Not surprisingly, the trio of protagonists are all hockey players, even at their advanced age. They’ve never been afraid to drop their gloves for a scrap on the ice, and they’re likewise not afraid to take on a bus full of vampires. Their nominal leader is one Sprague Deacon, who’s fighting a losing battle against incontinence, and who has a rink he’s built behind his house, where he and his friends clear the snow for a community game every Saturday night. Sprague’s best friend Fergus McTavish is a loner who spends too much time watching John Wayne movies, while the third musketeer, Rufus Timmerman, is losing a battle of his own, against cancer. Together, they’re three of the most offbeat protagonists you’re likely to find.

Although Sudden Death Overtime is saddled with some amateurish cover art, the fact that the novella is only available as an ebook should minimize any PR damage caused by that unfortunate illustration. Outside of the art, my only real complaint is with the tone Vernon ultimately settles on — in the early stages of the book, the author is quite successful at creating an atmosphere of tension and fear, and it’s somewhat disappointing to see him turn decisively towards humor in later stages of the book. The following passage is a good example of the frisson generated early on:

“And then the figure smiled, only its expression went way beyond what you’d call a smile. Its jaw dislocated and its gums seemed to peel back and its teeth grew icicle-long, winter-sharp and hungry until it looked like nothing more than a set of those wind-up walking false teeth.”

All in all, Sudden Death Overtime is fast, frenetic and fun…not unlike the overtime periods referenced in the book’s title.

Turning to Keith Minnion… his collection It’s For You gathers nineteen stories, five of which are published here for the first time, spanning a broad spectrum from horror to SF to fantasy to historical fiction and more. As I mentioned earlier, Minnion is better known for his work as an artist, but this collection clearly illustrates that he’s skilled with words as well. There are several impressive blurbs included on the book cover and press release, and perhaps the one that resonates the most is the following from Gary McMahon:

“Keith Minnion writes clear and lucid prose, not unlike a less verbose Stephen King. And, also like King, his stories tell us of a strange shadowy Americana that exists just off-center of the real world.”

A good example of the prose that McMahon is referring to can be found in the title story, “It’s For You”:

“American Street was a short block of narrow, tired bungalows, with postage-stamp front lawns and sidewalks that were cracked and tiled from trees long-since cut down. Every one of the houses needed paint; three were boarded up; one was burned out. It was a sad, lost little street in a section of the city that had last seen prosperity when people wore ‘I Like Ike’ buttons and parked Studebakers and Ramblers at the curb, one to a family.”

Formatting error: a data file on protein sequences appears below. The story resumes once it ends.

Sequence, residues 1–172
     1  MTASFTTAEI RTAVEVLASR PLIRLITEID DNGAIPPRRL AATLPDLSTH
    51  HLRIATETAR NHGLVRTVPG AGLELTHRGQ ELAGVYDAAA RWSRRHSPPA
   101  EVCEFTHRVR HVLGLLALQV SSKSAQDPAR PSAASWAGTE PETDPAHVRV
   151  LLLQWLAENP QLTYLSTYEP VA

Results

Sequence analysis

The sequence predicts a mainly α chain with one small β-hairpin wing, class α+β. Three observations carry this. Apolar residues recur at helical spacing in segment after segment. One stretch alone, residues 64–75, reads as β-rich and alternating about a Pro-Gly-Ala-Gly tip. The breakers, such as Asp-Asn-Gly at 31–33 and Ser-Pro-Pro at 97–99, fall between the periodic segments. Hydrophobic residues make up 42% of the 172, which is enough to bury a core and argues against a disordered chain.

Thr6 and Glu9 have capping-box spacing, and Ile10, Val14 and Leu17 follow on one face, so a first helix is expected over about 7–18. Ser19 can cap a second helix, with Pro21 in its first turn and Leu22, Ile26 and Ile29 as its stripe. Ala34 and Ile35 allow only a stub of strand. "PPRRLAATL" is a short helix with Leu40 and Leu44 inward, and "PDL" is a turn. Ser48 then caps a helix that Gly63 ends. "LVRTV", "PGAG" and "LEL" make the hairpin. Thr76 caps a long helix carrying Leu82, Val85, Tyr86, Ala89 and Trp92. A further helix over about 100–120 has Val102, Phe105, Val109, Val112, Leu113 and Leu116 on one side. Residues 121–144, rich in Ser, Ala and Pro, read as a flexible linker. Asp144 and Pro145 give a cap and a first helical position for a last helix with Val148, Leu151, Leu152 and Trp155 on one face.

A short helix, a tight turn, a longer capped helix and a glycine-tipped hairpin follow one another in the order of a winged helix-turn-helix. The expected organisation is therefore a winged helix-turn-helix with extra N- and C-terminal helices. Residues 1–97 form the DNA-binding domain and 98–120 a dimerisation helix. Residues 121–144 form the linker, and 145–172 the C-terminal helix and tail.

Told from the perspective of Detective Frank Graham, the tale concerns a series of phone calls, each of which results in the death of the call recipient, and is a real highlight of the collection. Also impressive is “On the Midwatch,” wherein a Navy Lieutenant experiencing his first opportunity to be Officer of the Deck unfortunately find that his big opportunity occurs in the Bermuda Triangle and culminates in an encounter with a UFO. In “Dead End,” a bit of inner-city vigilante justice goes seriously awry. “Up in the Boneyard,” meanwhile, is a mysterious and sometimes chilling tale about an elderly man, still sporting scars from his encounter with something in the clouds when he was a young daredevil pilot, and his quest to find and destroy his attackers.

Halfway through this collection, I was ready to declare it my most pleasant reading surprise of 2012, and to express my amazement that I had been so remiss in appreciating Minion’s writing talents — the stories in the first half of the book are that good. Unfortunately, there are a few less-stellar tales in the early stages of the book’s second half, before the author rights the ship and ends on the same high note on which he began.

Highlights in the latter half of the book include the post-flood-apocalypse tale “Empire State,” a Waterworld-style story (although predating the Costner flick) about a ship’s journey to a submerged New York City. “The Can Man” is another tale of the future, involving a couple of bored and inquisitive children who discover some long-neglected cryogenic freezers and release their occupants with an unfeeling curiosity not unlike pulling the wings off a fly. The collection closes with the excellent “Island Funeral,” in which a young widower visiting  the coast of Maine for his wife’s funeral discovers some highly unusual and unsettling family traditions.

It’s For You is a very strong collection overall, providing ample evidence that Minnion is versatile and multi-talented…and fans of Minnion’s art will be happy to know that the book includes several of his illustrations.